We talk about China a lot and I think that when he’s thinking about China, in the broad sense, he’s thinking about you and your husband.

I was a foster mom.
Like you were for our son, I was a foster mom for over two years to one child.
I know what it’s like to love a child you know you will lose and I know what it’s like after the loss. “Thank you” will never cover the gift you gave our child, but thank you for what you did for him—for what you do.
I admire you for having done this with so many kids. I know of at least two children other than our son that you’ve parented and have heard lovely things about you on this side of the world from agency workers who have observed you with one of these children. Your actions are truly changing the world.

Please know that I tried to meet you when I came to get our son. I asked as many questions about you as they would allow and I asked to meet you, too. The orphanage director couldn’t understand why I was so persistent in learning about you. When I finally explained that I, too, have been a foster mom, then she understood. She smiled at me and it was obvious that she knows how important you are.

Our son talks about you all the time. He doesn’t fully understand what the word “foster” means yet, but he knows that you were his foster mom. When he gets mad at me, he tells me he misses you. But he misses you other times as well. The other night, he told me that I don’t know you and have never met you but that we are just alike. I’m so glad to hear that.

He’s starting to figure out how his new extended family connects and he was asking everyone around the table who their mom is. I asked him who his mom is and he stopped for a moment to think. He was thinking about you. Then he asked, “My foster mom?” He knows, every second, that he has more than one mom.

Hmmm...I wonder why he thinks our hair looks the same?
He’s doing amazingly well. Every teacher, doctor, social worker…everyone he encounters are shocked at the bravery and tenacity and intelligence and adaptability and sense of humor he has. I am complimented in restaurants on his manners. I know you will not be surprised to know that he has been a blessing to everyone in his new life…especially me.

I’ll always be open to talking about you with our son and, when he wants to try to find you—and I’m certain he will someday—I will help him to the best of my ability. I’ve actually tried to find you already…with no such luck as of yet.

And so, on this Mother’s Day and all those to follow, we will buy you flowers. I bought a Chinese vase in your honor and we will use it to honor you every year.

Maybe someday he—and I—will be able to give them to you in person.

I include your photos here because, while I won’t hold my breath, I have learned that the internet is indeed powerful and, if this somehow finds its way to you because of these pictures, I would be beyond grateful.

Tuesday, May 9, 2017

Hope and Hair: A Year as a Family

In the days just prior to my husband and I getting on a plane to go get our son, I wished something. I sat on the very bed that I wrote about in this post and said these words:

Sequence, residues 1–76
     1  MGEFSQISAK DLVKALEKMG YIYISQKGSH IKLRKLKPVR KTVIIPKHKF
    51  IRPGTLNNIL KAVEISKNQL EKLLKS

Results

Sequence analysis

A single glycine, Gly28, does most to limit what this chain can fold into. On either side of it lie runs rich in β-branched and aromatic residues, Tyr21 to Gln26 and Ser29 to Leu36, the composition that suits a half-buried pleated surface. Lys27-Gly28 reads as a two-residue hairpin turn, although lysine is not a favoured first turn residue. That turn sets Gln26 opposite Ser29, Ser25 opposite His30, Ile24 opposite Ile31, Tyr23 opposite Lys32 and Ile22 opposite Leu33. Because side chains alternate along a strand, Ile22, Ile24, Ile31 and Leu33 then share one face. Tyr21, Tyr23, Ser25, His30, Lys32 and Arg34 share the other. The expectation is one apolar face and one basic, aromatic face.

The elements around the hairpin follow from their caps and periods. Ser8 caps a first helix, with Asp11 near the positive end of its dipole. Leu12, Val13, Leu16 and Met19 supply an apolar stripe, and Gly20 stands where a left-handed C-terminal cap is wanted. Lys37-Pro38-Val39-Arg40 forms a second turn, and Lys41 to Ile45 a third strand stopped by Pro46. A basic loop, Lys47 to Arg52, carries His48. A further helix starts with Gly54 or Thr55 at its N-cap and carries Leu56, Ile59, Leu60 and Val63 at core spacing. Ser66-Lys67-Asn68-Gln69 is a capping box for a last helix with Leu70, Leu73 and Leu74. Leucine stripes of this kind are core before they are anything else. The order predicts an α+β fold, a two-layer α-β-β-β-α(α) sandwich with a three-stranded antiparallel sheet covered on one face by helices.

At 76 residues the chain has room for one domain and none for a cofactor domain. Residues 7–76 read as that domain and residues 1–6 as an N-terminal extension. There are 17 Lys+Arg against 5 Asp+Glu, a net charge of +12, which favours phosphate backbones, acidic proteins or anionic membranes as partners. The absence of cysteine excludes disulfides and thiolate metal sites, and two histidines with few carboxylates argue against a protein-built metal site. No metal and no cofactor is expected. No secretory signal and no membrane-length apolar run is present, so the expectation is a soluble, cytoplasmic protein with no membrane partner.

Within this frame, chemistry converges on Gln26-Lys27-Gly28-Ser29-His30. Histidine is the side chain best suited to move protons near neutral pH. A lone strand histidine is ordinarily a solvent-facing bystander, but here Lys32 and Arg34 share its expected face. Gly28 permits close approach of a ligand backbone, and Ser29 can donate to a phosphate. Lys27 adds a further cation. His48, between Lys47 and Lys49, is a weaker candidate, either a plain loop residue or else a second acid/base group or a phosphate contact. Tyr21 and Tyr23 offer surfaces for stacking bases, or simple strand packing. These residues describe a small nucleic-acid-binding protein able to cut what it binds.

“I hope that he’s a mama’s boy.”

We’ll come back to this.

Our son’s city was very hot and humid the day we met him. The time set for our meeting him was 3 PM and we were out and about prior to this, so we needed to shower again before finally seeing his adorable face. When we were out in the heat of the day, I wore my hair up. But, as we made our final preparations before heading up to the conference room that would host our fateful meeting, I looked in the mirror and decided, somewhat vainly, that I would leave my hair down.

I thought, “Maybe he’ll see my hair and think that he has a pretty mom.”

In ruminating on this first year, I could tell you about his bravery, how smart he is, his shocking language acquisition, his sense of humor, how amazingly adaptable he has been… I could share so so many things, but I will share about my hope for a mama's boy and…my hair.

The around-the-back hair hold.
When we first met our little guy (as I wrote about here) he was initially afraid to even look at us. However, within twenty minutes, he was laughing and playing. Right before we were left by the officials to go to our hotel room as a family, I was playing peek-a-boo with him at the door. Our translator told him we had lots of toys for him in our room (which wasn’t all that true as we couldn’t pack that much…but let’s just say that this child has been pretty spoiled since then.) Upon hearing that, our little guy willingly let me pick him up and off we went into the world of our hotel (which he thought was our home) with our new son who made us a new family.

If you look at this very first photo that my husband took of us just before we entered our hotel room together, you can see a glimpse of what happened with my hope and my hair. I don’t know if it was in this particular moment, but very quickly (and maybe simultaneously) our little guy claimed me as his mama and became infatuated with my hair.

In his eyes, I can do no wrong. It’s nice, of course, but I actually feel a little guilty about it since my husband is such an amazing dad. I know that our son knows this intuitively but, verbally, this guy is all about me.